frame_id question

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frame_id question

Vladimir Prus

Hello,
I have some confusion over "frame_id" concept, which is supposed to be
unique identifier of a function frame.

Frame id consists of a stack address and a program address. The program
address should be start address of a function and many of xxx_this_frame_id
function follow this pattern:

   static void
   xxx_frame_this_id (struct frame_info *next_frame, void **this_cache,
                      struct frame_id *this_id)
   {
      .......
      (*this_id) = frame_id_build (....,
                                   frame_func_unwind (next_frame));
   }

The question is: why frame id has to include program address at all? It it
ever possible for two frames to have the same stack address? If so, when?

The immediate problem I have is that "frame_func_unwind" requires full debug
info (address boundaries for functions), but in my case assembler modules
have only line information, so frame_func_unwind will always return 0.
Using hardcoded '0' as program address part of frame id does not cause any
problems for me, but I want to be sure.

Thanks in advance,
Volodya

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Re: frame_id question

JimB-3

Vladimir Prus <[hidden email]> writes:
> The question is: why frame id has to include program address at all? It it
> ever possible for two frames to have the same stack address? If so, when?

Some functions don't need any stack space at all.  Such a function can
even call other functions if it moves the return address to a
callee-saved register while doing so.  Unwinding through such a call,
the caller's frame will have the same CFA as the callee, but a
different function address.  Since the two frame ID's have different
function addresses, frame_id_eq will declare them distinct, and GDB
won't complain that it has gotten stuck trying to unwind the stack.
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Re: frame_id question

Vladimir Prus
On Friday 11 November 2005 13:23, Jim Blandy wrote:
> Vladimir Prus <[hidden email]> writes:
> > The question is: why frame id has to include program address at all? It
> > it ever possible for two frames to have the same stack address? If so,
> > when?
>
> Some functions don't need any stack space at all.  Such a function can
> even call other functions if it moves the return address to a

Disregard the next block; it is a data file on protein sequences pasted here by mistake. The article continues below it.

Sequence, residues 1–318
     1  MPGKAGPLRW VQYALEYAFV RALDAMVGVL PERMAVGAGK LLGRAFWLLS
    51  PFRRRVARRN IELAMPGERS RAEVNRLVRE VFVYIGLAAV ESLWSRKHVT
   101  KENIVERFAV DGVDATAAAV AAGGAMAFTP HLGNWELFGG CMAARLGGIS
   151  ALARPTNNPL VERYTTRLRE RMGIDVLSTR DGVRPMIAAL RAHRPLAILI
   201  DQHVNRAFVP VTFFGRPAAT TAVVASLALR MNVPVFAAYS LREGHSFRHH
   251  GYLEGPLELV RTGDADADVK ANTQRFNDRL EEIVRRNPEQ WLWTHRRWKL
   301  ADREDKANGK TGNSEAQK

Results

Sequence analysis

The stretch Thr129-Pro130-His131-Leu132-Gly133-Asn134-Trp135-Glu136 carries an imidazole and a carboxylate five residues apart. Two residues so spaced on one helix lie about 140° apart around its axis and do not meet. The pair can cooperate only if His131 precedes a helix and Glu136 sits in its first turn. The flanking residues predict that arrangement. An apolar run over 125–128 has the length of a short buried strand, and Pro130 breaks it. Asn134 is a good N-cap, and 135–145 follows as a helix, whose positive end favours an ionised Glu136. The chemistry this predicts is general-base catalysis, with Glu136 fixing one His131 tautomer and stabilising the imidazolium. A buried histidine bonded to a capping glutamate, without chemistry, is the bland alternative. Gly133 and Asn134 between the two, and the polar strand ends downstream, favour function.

> callee-saved register while doing so.  

Do I understand correctly that this can happen only on architectures where
return address is not automatically pushed to the stack, but moved to a
special register? Like MIPS's "jal" instructions that moves return address to
$31

> Unwinding through such a call,
> the caller's frame will have the same CFA as the callee, but a
> different function address.  Since the two frame ID's have different
> function addresses, frame_id_eq will declare them distinct, and GDB
> won't complain that it has gotten stuck trying to unwind the stack.

Does it mean that for architectures with automatic pushing of return address,
using '0' as code address in frame_id will be safe? Or there are some corner
cases?

Thanks,
Volodya
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Fwd: frame_id question

jimb (Bugzilla)
---------- Forwarded message ----------
From: Jim Blandy <[hidden email]>
Date: Nov 11, 2005 9:43 AM
Subject: Re: frame_id question
To: Vladimir Prus <[hidden email]>
Cc: Jim Blandy <[hidden email]>, [hidden email]

On 11/11/05, Vladimir Prus <[hidden email]> wrote:
>  Do I understand correctly that this can happen only on architectures where
> return address is not automatically pushed to the stack, but moved to a
> special register? Like MIPS's "jal" instructions that moves return address to
> $31

 Yes, that's right.


> Does it mean that for architectures with automatic pushing of return address,
> using '0' as code address in frame_id will be safe? Or there are some corner
> cases?

 I think this is true.  It used to be that some architectures used the
top of the stack as the frame ID's stack address (even though this is
wrong: a call to alloca could change the sp, or the code itself could
push and pop things for its own reasons; either would produce a "new"
frame ID when no call, return, or longjmp has taken place).  On these
architectures, I think you could run into problems.

 But the modern thing to do is to use the base of the stack frame ---
the top of the stack upon entry to the function, or some fixed offset